Safflower Oil is a cooking oil that is found in two main forms; high (up to 75%) linoleic (omega-6 fatty acid) and high (up to 75%) oleic, the main fatty acid in Olive Oil, with about 7% saturated fat content. It is a source of Conjugated Linoleic Acid.
Our evidence-based analysis features 8 unique references to scientific papers.
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The Human Effect Matrix looks at human studies (it excludes animal and in vitro studies) to tell you what effects safflower oil has on your body, and how strong these effects are.
|Grade||Level of Evidence|
|Robust research conducted with repeated double-blind clinical trials|
|Multiple studies where at least two are double-blind and placebo controlled|
|Single double-blind study or multiple cohort studies|
|Uncontrolled or observational studies only|
Level of Evidence
? The amount of high quality evidence. The more evidence, the more we can trust the results.
Magnitude of effect
? The direction and size of the supplement's impact on each outcome. Some supplements can have an increasing effect, others have a decreasing effect, and others have no effect.
Consistency of research results
? Scientific research does not always agree. HIGH or VERY HIGH means that most of the scientific research agrees.
|C-Reactive Protein||Minor||- See study|
|HDL-C||Minor||- See study|
|HbA1c||Minor||- See study|
|Lean Mass||Minor||- See study|
|Blood Glucose||-||- See study|
|Fat Mass||-||- See study|
|Insulin||-||- See study|
|Insulin Sensitivity||-||- See study|
|LDL-C||-||- See study|
|Triglycerides||-||- See study|
|Weight||-||- See study|
High Oleic Safflower Oil contains:
Oleic acid as primary monounsaturated, at around 75%
Polyunsaturated fatty acids (PUFAs) at around 13%
Saturated fatty acids (SFAs) at around 8%
Vitamin E at 34.1mg per 100mL
Vitamin K at 7.1mcg per 100mL
High Linoleic Safflower Oil contains similar levels of micronutrients, with the percentage of fatty acids coming from monounsaturated (primarily oleic) and polyunsaturated (primarily omega-6) reversed; there is an insignificant level of polyunsaturated fatty acids as omega-3.
A study without dietary controls conducted in post-menopausal and diabetic women comparing the effects of Safflower Oil (8g daily) against Conjugated Linoleic Acid at 8g found that safflower oil was associated with a higher blood level of CLA isomers at 4 weeks of treatment and was able to reduce some signs of diabetes minimally at 12 weeks, when compared to CLA. Both treatments showed minor shifts towards a better body composition, with 1kg of lean mass replacing 1kg of lost body fat (rough values) after 12 weeks of supplementation.
Anti-inflammatory properties have also been attributed to Safflower Oil, but at least one commentor has suggested this may just be due to the Vitamin E content of Safflower Oil, as the mechanisms observed (downregulation of ICAM-1, a cellular adhesion molecule) is shared with Vitamin E.
Safflower oil might exert protective effects on the body, particularly in obese diabetics; however, these effects seem to take a long time to occur, and may not occur with isolated Conjugated Linoleic Acid supplementation
The same research group also assessed changes in weight, and found that, in regards to total fat mass, that Conjugated Linoleic Acid was effective over 16 weeks (−1076 ± 849g of fat) whereas Safflower Oil led to a non-significant increase (80 ± 667g of fat) which resulted in differences in end weight; CLA significantly reducing overall weight by 1.25 ± 0.71kg and Safflower Oil insignificantly reducing weight by 0.11 ± 0.55kg. When only assessing only trunk adiposity by DEXA, it was found that Conjugated Linoleic acid caused a significant increase (1075 ± 1184g) whereas Safflower Oil caused a selective decrease (−1203 ± 852g) as well as CLA reducing overall lean mass (−412 ± 756g) and Safflower Oil increasing lean mass (1402 ± 594g).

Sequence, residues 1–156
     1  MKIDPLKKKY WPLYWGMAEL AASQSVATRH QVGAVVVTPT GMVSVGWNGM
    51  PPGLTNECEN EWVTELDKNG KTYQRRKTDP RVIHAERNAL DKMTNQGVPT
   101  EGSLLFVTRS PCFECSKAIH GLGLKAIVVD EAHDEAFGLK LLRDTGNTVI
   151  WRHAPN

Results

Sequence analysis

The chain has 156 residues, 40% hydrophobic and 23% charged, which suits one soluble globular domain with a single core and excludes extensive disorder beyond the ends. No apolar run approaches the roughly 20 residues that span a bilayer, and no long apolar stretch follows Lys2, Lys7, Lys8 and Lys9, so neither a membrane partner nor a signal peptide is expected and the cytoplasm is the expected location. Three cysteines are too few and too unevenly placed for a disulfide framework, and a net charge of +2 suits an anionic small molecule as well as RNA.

Many other studies conducted on Conjugated Linoleic Acid use Safflower Oil as a control, and frequently note no significant effects on measured parameters such as weight of fat mass in the range of 3-6g daily, in time spans ranging from 4 weeks to 6 months.
The effects seem to be present, with a slightly beneficial shift of fat mass away from the trunk despite not actually burning it. These may be secondary to changes in glycemic control, and more studies should be done before Safflower Oil is considered a fat burner
- Zhang HL, et al. Antioxidative compounds isolated from safflower (Carthamus tinctorius L.) oil cake. Chem Pharm Bull (Tokyo). (1997)
- Nutrient data for 04511, Oil, safflower, salad or cooking, high oleic (primary safflower oil of commerce).
- Nutrient data for 04510, Oil, safflower, salad or cooking, linoleic, (over 70%).
- Asp ML, et al. Time-dependent effects of safflower oil to improve glycemia, inflammation and blood lipids in obese, post-menopausal women with type 2 diabetes: a randomized, double-masked, crossover study. Clin Nutr. (2011)
- Norris LE, et al. Comparison of dietary conjugated linoleic acid with safflower oil on body composition in obese postmenopausal women with type 2 diabetes mellitus. Am J Clin Nutr. (2009)
- Nicholls SJ, et al. Consumption of saturated fat impairs the anti-inflammatory properties of high-density lipoproteins and endothelial function. J Am Coll Cardiol. (2006)
- Masterjohn C. The anti-inflammatory properties of safflower oil and coconut oil may be mediated by their respective concentrations of vitamin E. J Am Coll Cardiol. (2007)
- Pfeuffer M, et al. CLA does not impair endothelial function and decreases body weight as compared with safflower oil in overweight and obese male subjects. J Am Coll Nutr. (2011)
(Common misspellings for Safflower Oil include saflower, safflowr, saflowe)
Cite this page
"Safflower Oil," Examine.com, published on 12 August 2012, last updated on 14 June 2018, http://examine.com/supplements/safflower-oil/